New technologies, disruptive innovation and global competition for talent are raising skill requirements and changing expectations for entry-level employees and future leaders, according to a new report by Aon Hewitt.

The report, conducted in partnership with the Business Council of Canada, is based on a survey of 90 Canadian companies, including major banks and other financial services providers, retailers, manufacturers, telecommunications providers, energy producers, mining companies, food processors, transportation firms and real estate developers.

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Respondents to the survey said post-secondary graduates are adequately prepared for the workforce but they noted that the ability to carry out basic functions is no longer enough for most entry-level jobs.

“Although technical competency is needed to get the job done, companies are increasingly looking for young employees who can absorb information quickly, work in teams and solve complex problems,” said John Manley, president and chief executive officer of the Business Council of Canada.

Survey participants also said they’re particularly interested in hiring young people with a strong complement of soft skills, such as collaboration and teamwork, communication and critical-thinking skills. They’re also seeking employees who have participated in co-op programs and other work-integrated learning experiences and those who have strengths or expertise in a variety of fields.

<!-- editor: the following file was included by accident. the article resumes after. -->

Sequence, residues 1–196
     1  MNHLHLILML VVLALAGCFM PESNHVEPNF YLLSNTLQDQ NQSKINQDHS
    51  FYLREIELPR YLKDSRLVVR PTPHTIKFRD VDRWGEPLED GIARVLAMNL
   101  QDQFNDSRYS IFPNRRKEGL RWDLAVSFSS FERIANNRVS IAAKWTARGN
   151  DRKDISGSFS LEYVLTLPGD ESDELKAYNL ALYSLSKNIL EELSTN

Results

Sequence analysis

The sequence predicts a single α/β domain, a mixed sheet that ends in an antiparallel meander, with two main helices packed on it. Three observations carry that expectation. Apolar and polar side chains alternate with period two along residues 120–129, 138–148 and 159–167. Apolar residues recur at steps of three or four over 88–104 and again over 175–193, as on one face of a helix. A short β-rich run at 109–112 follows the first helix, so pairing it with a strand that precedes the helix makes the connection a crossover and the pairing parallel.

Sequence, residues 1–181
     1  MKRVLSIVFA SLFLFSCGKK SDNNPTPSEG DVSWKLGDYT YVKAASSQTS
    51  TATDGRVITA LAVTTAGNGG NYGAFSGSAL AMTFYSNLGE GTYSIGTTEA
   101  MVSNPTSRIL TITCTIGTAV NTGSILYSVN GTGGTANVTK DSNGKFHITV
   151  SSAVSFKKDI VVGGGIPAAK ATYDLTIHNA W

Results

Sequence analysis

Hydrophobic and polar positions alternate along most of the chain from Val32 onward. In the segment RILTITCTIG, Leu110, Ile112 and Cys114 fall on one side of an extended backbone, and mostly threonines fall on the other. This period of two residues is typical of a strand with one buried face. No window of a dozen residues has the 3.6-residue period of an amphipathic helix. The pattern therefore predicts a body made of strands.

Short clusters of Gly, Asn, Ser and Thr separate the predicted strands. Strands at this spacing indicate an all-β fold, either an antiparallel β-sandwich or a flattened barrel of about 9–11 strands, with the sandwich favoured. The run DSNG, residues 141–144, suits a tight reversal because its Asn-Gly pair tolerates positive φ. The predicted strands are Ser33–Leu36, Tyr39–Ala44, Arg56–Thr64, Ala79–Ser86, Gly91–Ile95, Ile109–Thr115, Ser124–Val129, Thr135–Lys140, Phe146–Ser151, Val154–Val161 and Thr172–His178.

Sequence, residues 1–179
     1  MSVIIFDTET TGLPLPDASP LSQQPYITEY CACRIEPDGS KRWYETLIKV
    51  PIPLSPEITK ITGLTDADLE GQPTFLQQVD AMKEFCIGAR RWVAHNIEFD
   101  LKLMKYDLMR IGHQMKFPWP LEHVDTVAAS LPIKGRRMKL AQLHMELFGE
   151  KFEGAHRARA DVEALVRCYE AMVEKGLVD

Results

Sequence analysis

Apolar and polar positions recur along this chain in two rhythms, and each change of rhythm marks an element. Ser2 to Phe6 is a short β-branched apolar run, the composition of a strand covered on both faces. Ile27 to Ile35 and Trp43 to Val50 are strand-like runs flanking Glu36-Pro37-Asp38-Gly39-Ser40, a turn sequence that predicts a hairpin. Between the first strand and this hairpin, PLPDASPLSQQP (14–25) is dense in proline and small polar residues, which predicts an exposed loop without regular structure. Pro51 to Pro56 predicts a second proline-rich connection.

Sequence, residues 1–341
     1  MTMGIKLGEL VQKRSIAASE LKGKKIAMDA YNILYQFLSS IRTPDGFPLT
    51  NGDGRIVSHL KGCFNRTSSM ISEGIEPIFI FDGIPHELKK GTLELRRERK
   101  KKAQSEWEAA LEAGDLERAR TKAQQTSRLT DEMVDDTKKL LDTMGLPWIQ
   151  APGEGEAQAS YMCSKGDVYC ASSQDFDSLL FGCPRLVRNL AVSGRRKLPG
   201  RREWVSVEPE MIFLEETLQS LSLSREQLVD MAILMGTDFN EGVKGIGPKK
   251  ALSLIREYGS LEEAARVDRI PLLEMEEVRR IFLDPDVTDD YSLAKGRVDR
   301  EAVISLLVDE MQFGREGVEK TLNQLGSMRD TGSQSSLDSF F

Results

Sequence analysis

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Roughly half of the employers in the study said leadership and management positions are the most difficult to fill. Companies also highlighted shortages in the skilled trades, information technology, business intelligence, engineering and cyber-security/risk management.

Difficulties in recruiting people with the right mix of skills will affect companies’ planned investments, according to 93% of respondents, while more than half said they expect the impact will be “moderate to significant.”

More than half of respondents indicated that leadership development programs, both within and outside their companies, aren’t keeping up with evolving requirements.

Read: Desjardins, KPMG and Rogers among top employers for young people

“A key differentiator between top-performing companies and the rest is the ability to actively grow leadership capabilities at all levels within the organization,” said Neil Crawford, partner and Canada talent practice director at Aon Hewitt.

“The fact that the companies that participated in the survey recognize this need is encouraging, but the hard part is successfully building a solid internal program to identify, assess, develop and engage future leaders.”

Additional findings from the report include:

  • Large companies are investing more in workforce learning and development; and
  • Most respondents believe their companies are ready to handle anticipated demographic shifts, in particular the coming wave of retirements among baby boomers.

Read: Employers must do more to help staff transition to retirement

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